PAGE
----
Paul Trewhela writes on academic freedom under threat in SA
Imagine you are a leading liberal, Left-leaning academic in Germany in the turbulent years of the Great Depression in the early 1930s.
Imagine that, as a professor at one of the leading universities in the country, you are the author also of an extensive range of books on some of the acute social problems of that time, your books published by the most eminent publishing houses.
Imagine also that you are Jewish, and that a few weeks ago you had a paper on a topical social issue published in an academic journal, The German Journal of Science.
It's not hard now to imagine what might happen if an anonymous organisation called the German Academic Caucus, or the Deutscher Dozentenbund, then publishes a ferocious attack on your paper - not in the form of a critical paper in an academic journal, but in a low-grade, mass media, propaganda forum of the streets, called Der Stürmer or Der Angriff , charging you with racial crime for daring to impugn the Volk through your writing on the social question in your paper.
It is not hard now to imagine how the Executive of your university, under those conditions in Germany at that time, might - without consulting you - have then issued a damning public indictment of your academic paper, endorsing the anonymous rubbishing of your paper by the German Academic Caucus.
Actions like that which happened in Germany at that time, we would regard today as an expression of a fascistic culture.
Yet it is basically what happened over the past few weeks at the University of Cape Town, the oldest university in the sub-continent of Africa.
Titled "Why are black South African students less likely to consider studying biological sciences?", the paper was published as a peer-reviewed commentary on 27 May in The South African Journal of Science. Its author is Professor Nicoli Nattrass, who teaches in the department of economics at the Unversity of Cape Town, and is co-director of the Institute for Communities and Wildlife in Africa, and is the founder and former director of the AIDS and Society Research Unit. Her paper is not long, and can be read online.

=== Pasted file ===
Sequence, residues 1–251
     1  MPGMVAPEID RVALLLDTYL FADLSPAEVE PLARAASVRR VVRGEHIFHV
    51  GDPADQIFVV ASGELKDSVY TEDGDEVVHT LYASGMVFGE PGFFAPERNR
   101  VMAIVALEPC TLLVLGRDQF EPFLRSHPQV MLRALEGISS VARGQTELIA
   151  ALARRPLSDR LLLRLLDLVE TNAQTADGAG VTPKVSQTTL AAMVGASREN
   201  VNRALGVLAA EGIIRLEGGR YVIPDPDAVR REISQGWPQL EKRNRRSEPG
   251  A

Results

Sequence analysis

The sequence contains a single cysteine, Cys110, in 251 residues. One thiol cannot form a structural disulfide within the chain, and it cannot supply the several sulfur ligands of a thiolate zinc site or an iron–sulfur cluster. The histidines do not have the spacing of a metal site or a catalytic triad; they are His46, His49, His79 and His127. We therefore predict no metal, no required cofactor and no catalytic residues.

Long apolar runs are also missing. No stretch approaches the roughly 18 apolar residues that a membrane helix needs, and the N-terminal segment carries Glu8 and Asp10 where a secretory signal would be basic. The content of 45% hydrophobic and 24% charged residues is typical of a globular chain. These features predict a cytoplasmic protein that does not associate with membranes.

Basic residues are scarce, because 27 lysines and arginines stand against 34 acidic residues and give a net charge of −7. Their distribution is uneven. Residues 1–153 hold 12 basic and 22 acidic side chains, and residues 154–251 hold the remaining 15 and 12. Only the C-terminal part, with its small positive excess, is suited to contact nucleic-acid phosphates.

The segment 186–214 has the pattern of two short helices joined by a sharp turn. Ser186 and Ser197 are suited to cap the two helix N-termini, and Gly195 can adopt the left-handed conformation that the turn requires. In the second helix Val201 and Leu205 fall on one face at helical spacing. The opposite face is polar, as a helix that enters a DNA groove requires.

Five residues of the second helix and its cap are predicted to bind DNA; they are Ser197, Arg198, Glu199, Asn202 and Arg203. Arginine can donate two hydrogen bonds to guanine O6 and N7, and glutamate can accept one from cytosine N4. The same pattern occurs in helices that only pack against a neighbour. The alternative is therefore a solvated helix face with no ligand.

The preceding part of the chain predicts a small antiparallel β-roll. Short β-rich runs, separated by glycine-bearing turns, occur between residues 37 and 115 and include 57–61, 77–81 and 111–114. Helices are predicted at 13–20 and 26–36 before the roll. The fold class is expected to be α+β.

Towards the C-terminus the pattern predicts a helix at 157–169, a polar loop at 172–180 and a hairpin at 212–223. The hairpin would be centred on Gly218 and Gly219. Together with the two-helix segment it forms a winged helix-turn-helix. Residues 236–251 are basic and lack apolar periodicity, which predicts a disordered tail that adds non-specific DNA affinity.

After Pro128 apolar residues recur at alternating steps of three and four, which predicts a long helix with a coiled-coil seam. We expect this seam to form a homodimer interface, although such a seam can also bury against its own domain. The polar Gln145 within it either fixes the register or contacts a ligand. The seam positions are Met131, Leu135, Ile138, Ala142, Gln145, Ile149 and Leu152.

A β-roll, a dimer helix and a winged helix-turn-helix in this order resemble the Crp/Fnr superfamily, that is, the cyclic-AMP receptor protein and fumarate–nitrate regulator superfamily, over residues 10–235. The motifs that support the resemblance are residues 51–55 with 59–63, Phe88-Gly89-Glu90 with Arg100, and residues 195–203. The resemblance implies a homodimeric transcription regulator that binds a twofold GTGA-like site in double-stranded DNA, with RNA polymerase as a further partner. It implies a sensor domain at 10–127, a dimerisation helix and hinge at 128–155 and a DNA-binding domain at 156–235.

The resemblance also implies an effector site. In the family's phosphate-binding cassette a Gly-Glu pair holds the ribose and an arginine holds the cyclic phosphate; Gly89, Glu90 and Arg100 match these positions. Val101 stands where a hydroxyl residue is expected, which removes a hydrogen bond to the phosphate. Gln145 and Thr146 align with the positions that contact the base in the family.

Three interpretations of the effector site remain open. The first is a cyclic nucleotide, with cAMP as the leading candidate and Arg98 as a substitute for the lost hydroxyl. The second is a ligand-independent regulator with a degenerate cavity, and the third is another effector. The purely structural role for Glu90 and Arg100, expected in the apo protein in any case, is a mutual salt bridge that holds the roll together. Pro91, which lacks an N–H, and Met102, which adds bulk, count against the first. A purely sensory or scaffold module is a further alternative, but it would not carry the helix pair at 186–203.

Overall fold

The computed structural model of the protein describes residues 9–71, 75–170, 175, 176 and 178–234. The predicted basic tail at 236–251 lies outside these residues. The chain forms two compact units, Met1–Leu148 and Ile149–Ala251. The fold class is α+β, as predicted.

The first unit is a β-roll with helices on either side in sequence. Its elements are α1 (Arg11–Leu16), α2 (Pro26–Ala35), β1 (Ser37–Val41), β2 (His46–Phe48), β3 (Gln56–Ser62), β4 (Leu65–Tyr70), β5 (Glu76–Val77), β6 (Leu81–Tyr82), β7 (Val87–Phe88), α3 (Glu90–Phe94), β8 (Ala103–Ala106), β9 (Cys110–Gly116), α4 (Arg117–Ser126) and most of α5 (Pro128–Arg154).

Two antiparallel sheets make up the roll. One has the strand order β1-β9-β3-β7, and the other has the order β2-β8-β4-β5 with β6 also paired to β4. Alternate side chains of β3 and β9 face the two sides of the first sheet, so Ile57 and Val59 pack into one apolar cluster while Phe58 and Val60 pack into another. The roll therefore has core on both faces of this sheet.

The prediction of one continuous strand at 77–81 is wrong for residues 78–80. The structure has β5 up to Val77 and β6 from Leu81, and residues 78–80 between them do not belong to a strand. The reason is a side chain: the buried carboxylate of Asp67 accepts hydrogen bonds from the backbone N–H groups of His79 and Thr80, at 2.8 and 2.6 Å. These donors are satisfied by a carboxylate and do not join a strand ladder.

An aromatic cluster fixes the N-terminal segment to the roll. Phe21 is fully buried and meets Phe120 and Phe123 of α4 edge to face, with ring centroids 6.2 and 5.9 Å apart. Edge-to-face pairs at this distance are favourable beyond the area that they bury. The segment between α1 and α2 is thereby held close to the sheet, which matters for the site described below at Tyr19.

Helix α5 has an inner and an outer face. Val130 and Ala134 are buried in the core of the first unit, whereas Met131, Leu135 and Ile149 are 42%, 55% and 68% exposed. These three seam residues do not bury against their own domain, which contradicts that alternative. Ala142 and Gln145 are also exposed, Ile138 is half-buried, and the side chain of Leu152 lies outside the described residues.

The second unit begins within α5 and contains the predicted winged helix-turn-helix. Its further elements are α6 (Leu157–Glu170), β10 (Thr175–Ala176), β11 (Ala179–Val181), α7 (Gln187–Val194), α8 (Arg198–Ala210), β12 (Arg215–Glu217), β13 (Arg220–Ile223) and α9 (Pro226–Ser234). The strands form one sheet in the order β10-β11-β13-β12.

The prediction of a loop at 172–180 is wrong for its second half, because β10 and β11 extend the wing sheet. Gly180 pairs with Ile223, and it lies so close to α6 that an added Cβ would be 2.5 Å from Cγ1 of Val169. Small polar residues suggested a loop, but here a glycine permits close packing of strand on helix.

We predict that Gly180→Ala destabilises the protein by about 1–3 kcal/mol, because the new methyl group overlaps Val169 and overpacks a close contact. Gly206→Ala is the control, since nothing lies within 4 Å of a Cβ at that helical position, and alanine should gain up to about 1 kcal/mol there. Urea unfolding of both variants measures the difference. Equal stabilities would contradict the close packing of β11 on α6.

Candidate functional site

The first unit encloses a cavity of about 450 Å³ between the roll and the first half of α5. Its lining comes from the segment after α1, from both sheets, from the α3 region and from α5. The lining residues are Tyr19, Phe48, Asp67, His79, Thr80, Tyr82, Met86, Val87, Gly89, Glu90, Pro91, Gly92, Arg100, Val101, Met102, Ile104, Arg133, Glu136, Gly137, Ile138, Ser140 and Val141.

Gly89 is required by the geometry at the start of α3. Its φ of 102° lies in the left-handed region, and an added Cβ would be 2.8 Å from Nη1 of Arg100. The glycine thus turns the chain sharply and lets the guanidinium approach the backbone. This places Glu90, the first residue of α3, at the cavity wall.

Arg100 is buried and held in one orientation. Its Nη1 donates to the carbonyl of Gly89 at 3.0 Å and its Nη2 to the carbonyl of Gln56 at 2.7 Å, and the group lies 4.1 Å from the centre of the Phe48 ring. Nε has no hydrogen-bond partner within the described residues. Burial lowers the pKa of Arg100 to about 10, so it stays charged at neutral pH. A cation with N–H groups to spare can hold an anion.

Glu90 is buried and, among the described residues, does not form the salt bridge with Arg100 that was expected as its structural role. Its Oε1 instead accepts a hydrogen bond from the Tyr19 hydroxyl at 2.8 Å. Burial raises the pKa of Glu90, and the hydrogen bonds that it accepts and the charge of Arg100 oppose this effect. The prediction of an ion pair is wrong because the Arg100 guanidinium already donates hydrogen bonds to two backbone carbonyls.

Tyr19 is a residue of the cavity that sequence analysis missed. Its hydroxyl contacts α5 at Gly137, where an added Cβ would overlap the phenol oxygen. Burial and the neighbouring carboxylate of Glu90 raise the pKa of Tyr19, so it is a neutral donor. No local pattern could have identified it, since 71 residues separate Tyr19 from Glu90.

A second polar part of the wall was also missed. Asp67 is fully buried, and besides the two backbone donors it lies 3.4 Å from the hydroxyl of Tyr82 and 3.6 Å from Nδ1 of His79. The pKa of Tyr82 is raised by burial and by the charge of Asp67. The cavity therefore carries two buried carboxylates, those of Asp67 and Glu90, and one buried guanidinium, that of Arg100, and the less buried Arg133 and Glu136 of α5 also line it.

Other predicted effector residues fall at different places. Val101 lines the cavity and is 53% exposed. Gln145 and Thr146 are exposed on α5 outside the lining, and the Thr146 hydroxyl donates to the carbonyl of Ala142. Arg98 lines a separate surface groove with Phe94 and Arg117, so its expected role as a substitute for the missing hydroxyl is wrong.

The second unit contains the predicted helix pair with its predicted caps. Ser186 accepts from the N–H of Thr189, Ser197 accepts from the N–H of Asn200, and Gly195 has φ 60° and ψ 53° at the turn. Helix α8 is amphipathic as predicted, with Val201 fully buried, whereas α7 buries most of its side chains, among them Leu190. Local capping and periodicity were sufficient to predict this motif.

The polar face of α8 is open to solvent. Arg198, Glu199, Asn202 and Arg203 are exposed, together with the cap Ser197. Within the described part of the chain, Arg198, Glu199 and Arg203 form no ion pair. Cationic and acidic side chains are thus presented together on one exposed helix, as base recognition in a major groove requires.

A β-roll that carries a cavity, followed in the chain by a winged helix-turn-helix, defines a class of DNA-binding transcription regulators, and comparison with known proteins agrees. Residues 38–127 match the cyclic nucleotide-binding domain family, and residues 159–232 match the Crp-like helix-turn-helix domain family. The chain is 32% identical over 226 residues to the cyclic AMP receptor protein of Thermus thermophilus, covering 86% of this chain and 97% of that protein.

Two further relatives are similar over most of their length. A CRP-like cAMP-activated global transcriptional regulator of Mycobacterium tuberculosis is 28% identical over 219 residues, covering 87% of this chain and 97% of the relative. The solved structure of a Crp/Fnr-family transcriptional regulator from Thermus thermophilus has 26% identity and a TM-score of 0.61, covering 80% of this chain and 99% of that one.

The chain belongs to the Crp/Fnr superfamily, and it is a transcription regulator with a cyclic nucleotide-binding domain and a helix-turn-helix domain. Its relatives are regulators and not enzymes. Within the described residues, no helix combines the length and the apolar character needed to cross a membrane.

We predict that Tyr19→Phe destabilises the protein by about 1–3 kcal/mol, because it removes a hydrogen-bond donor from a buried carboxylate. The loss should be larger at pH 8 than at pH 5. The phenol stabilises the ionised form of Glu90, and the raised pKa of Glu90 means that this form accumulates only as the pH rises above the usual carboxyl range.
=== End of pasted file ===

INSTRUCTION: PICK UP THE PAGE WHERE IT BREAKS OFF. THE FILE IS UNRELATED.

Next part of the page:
Professor Nattrass's paper was taken up for damning criticism by a group, the UCT Black Academic Caucus, effectively accusing her of being a racist. It was published not according to the practice of established international standards of intellectual inquiry in a peer-reviewed paper in an academic journal, but ... on Twitter. As its name makes clear, UCT Black Academic Caucus is a racially segregated organisation, unlike the South African Communist Party, the former Liberal Party of South Africa, Umkhonto we Sizwe from its foundation, or the African National Congress from 1985. In this sense, philosophically,, it is not different from the former National Party of DF Malan, JG Strijdom, BJ Vorster, PW Botha and FW de Klerk. Racial identity politics has a long life in South African history.
The statement by UCT Black Academic Caucus can be seen on Twitter, here, dated 4 June:
The UCT Executive capitulated the next day (5 June). Its statement is available on the same link. It expressed the Executive's "concern" at the paper, while failing to cite a single word, phrase or passage with which it disagrees. It asserted that the paper has "methodological and conceptual flaws that raise questions about the standards and ethics of research at UCT."
The statement continues that the paper is "constructed on unexamined assumptions about what black people think, feel, aspire to and are capable of. The commentary by Natrass offers an example of research that is unable to examine the historical and ideological roots of academic disciplines and that is equally unaware of the role that power differentials have in closing or opening possibilities and choices in the life of individuals and communities.
"The paper is offensive to black students at UCT; [sic] black people in general and any academic who understands that the quality of research is inextricably linked to its ethical groundings."
A blanket statement, providing no evidence to support it.
In her response (7 June), Nicoli Nattrass disputed the Executive's claim that her paper has "methodological and conceptual flaws."